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Ready? Set? Reno! – A Lesson in Patience

By Deborah J Carducci, Editor for Hearth and Home

(This is the second in a 3-part series Deborah is writing about home renovation. You can see her first post here!)

Getting ready for a home remodel is as exciting as accepting a new job or driving your brand-new car off the lot for the first time. The excitement of possibility is undeniably the best feeling in the world. I love joking with clients once they sign the contract and have a project commencement date, they never have to clean again! What could be better?

Your mission now is to get your home ready for renovation before that fast approaching start date. It’s never too early to begin the packing process. You will come across things you didn’t even realize you had. It’s entirely possible you may not even know their use in the case of a kitchen renovation. If you can take time to carefully sort through everything before it’s boxed up, you will have a much easier unpacking process. If you come across items that you have had for years and have never used or only used once, it’s time to donate! Don’t pack up old linens and towels – donate or discard – depending on their life cycle and your town’s rules. Now is the time to treat yourself to some new colors and/or styles to reflect your new design.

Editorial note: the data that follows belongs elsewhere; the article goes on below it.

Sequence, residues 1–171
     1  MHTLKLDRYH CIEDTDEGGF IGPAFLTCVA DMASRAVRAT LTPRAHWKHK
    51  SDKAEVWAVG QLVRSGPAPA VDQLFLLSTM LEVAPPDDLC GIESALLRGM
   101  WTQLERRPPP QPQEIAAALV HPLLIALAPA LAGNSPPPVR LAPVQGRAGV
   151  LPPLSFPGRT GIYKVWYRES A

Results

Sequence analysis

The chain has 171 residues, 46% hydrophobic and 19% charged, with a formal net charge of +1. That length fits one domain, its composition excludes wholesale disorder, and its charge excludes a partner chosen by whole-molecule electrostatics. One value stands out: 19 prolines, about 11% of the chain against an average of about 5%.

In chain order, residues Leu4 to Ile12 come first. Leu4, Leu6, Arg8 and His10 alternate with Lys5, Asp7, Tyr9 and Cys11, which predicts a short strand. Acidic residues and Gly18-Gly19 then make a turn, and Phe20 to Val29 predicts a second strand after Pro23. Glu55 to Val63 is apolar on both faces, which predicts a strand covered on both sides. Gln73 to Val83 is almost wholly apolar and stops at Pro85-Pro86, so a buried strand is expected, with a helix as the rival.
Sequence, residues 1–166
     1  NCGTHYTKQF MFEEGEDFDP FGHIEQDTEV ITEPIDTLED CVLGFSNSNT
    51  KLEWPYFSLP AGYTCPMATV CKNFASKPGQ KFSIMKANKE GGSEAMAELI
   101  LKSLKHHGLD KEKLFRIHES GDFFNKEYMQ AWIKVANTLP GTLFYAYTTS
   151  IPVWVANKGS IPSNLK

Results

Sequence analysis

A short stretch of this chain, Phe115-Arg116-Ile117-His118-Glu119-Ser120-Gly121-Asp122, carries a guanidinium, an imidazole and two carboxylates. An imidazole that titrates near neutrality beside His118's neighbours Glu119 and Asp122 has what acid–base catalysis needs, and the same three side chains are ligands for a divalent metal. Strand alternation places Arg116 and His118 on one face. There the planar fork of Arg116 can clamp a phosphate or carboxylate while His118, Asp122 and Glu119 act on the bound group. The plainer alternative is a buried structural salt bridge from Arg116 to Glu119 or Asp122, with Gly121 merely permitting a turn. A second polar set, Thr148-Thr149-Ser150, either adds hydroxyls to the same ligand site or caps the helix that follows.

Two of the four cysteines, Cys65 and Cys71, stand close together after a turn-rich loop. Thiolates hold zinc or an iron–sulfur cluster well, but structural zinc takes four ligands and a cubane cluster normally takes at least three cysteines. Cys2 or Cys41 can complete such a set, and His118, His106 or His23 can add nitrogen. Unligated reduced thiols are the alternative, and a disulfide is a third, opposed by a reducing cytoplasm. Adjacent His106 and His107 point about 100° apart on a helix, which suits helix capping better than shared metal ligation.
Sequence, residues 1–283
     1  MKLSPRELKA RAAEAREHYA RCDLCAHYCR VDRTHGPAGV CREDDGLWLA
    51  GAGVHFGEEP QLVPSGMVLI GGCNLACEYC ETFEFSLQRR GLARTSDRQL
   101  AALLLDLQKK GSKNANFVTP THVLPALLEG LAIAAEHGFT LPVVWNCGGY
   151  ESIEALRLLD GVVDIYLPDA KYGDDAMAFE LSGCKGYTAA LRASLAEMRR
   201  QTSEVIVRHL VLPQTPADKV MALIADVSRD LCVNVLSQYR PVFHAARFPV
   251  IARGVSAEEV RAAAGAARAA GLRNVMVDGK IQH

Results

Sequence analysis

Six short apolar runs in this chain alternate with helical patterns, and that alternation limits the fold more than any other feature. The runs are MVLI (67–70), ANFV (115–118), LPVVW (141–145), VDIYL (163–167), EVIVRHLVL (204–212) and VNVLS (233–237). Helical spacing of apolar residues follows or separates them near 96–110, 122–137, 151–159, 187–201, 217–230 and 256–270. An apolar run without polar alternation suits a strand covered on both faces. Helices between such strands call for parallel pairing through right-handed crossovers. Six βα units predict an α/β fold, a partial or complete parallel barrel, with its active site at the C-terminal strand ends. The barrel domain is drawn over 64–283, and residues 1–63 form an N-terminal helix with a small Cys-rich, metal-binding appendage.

What comes next? Waiting, and waiting and possibly more waiting.

Start dates are arbitrary and will be “adjusted” according to your contractor’s availability. Don’t be surprised if they postpone a bit while finishing up the previous project. When demo day finally arrives, it all becomes real with a swipe of a hammer. This is the exciting part you’ve been waiting for since you fully committed. Everyone is happy. Keep in mind that issues or flaws may be discovered in this part of the process, but they will be addressed quickly in order to move forward.

What comes next? Waiting, and waiting and probably more waiting.

This is called the Black Hole of Reno. Once the demo is completed, there are many things that go on behind the scenes which you generally don’t hear about. Rough plumbing and electrical has to be scheduled and if you have ever worked with these two trades, their schedules change from day to day and are very hard to pin down. This work has to be done and inspected before any framing and walls can be put back. This is a slow and painful process for the homeowner as well as true lesson in tolerance. And just when you think you are at your wit’s end, it miraculously gets done and the project moves to the next phase. Every time!

Have patience. Take a deep breath. The really fun part is about to begin!

Deborah Carducci Executive PortraitAs an Interior Designer, Deborah has devoted over 25 years to transforming primary and secondary residences and commercial office space throughout New England. Deborah says “good design starts with a great conversation.” She guides clients through the creative process from the initial consultation through design and installation. Her love of textiles, the influence of color, and creative design allow her to present a unique interior and experience for each client. Deborah also created Villa Lusso, a luxury brand of Italian inspired scented soy candles available through boutiques and her Etsy shop. In 2020 Deborah published her first book (under her nom de plume, Angelina DiVersa), “It’s a Pillow, Not a Kidney” about an eager-to-please designer and her drama/comedy filled interior design business. It’s a funny, informative book for anyone who ever had to or wants to decorate any space – meaning all of us. Learn more about Deborah by visiting www.carduccidesigngroup.com

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